NEW YORK - If there was one snapshot in time that captures the ferocity of the New Jersey Devils-Philadelphia Flyers rivalry, it would be of Eric Lindros lying on the ice in a heap.
It was Game 7 of the 2000 eastern conference final and Lindros, skating across the blue line with his head down, had just been crushed by Devils captain Scott Stevens, leaving the normally raucous building now known as the Wells Fargo Center as quiet as you’ll ever hear it ... Or not hear it, as the case may be.
You can bet that same arena will be much louder come Sunday afternoon when the despised Devils make the short one-hour drive down I-95 to take on the Flyers in Game 1 of their best-of-seven Eastern Conference semi-final series in south Philly.
While the Devils went on to win the Stanley Cup over the Dallas Stars after the Stevens hit on Lindros, the Flyers have won the subsequent two playoff matchups against New Jersey. They also beat Hall of Fame shoo-in Martin Brodeur three times in his four starts this season, yet another step toward wiping out the memory from the Flyers loyal fan base of Stevens laying out Lindros 12 years ago.
But it won’t be easy.
Sure, the Flyers looked impressive in disposing of Sidney Crosby’s talented Pittsburgh Penguins in six games in the first round. At the same time, as wobbly as he has looked in spurts in recent years, surely Brodeur could not play any worse than the Pens Marc-Andre Fleury, who resembled a beer league goalie at certain points versus the Flyers.
Then there’s the fact that the Devils and Flyers do not like each other.
Never have. Never will.
“It’s easy to hate Pittsburgh, but the Devils are right there ,right on our list, too,” Flyers forward Scott Hartnell told reporters in Phiilly.
Even a rookie like Matt Read is aware of the history of hate these two frachises have harboured for each other over the years.
“I can see the blood boiling after the first game if things are getting a little rough, same as Pittsburgh,” he said. “It’s going to be a hard-fought battle. Every game and every inch you’re going to have to fight for position and the puck.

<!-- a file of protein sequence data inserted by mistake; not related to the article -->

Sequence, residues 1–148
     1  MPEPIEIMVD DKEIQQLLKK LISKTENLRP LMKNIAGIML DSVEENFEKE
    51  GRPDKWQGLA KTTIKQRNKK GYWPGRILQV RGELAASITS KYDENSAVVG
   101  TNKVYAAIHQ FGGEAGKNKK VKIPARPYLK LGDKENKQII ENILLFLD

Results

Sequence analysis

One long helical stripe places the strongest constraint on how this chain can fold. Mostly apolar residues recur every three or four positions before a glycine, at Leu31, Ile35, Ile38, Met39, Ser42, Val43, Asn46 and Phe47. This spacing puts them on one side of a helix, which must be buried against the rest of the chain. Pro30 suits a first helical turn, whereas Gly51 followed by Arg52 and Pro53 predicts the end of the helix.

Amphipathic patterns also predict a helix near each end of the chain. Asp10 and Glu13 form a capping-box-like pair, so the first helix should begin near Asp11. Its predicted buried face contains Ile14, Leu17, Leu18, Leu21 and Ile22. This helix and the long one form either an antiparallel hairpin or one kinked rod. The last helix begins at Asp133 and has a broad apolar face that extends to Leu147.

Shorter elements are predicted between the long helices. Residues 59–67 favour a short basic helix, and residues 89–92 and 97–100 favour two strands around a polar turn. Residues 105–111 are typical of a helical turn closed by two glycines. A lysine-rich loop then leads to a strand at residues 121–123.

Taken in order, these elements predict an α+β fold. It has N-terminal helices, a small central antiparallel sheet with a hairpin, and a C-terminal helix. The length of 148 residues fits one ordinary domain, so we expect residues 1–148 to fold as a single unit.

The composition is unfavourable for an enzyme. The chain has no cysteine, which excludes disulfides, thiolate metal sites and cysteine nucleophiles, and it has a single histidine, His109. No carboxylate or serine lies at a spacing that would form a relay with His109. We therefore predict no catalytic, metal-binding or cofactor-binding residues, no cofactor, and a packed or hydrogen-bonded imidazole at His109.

“I think it’s going to be a great series, and I can’t wait for it to start.”
Brodeur will turn 40 on May 6, the date of Game 4 of this series.
“Probably if not the best goalie that’s ever played, in my mind, him and Patrick Roy are right up there,” Danny Briere said. “Everything he’s done, all the records he’s broken, it’s pretty impressive.
“At the same time, we’re there to move on. We can’t stop with them.”
Devils coach Peter DeBoer split up snipers Zach Parise and Ilya Kovalchuk during practice on Saturday, causing some observers to predict New Jersey was trying to look for more balance up front. But DeBoer warned the media afterward not to read to much into the reshuffled line combinations he used during the workout.
“I think any kind of change is refreshing and gives players around them a different jump and a different look,” DeBoer said.
“That doesn’t mean we’re going to make a change. We’ve won a lot of games here over the last month with the lines we’ve had, so I haven’t made any decisions there.
“Any time you make change, you usually get a positive reaction one way or the other.”
Meanwhile, at Flyers practice, defenceman Nicklas Grossman was paired with his regular blue line partner, Braydon Coburn. Grossman, who has been out with a concussion, is expected to play against the Devils on Sunday although, as of Saturday afternoon, he had yet to receive medical clearance.
Whatever the case, you can expect the bitter feelings between these two teams to boil the moment the puck is dropped.
Why would it be any different this time around?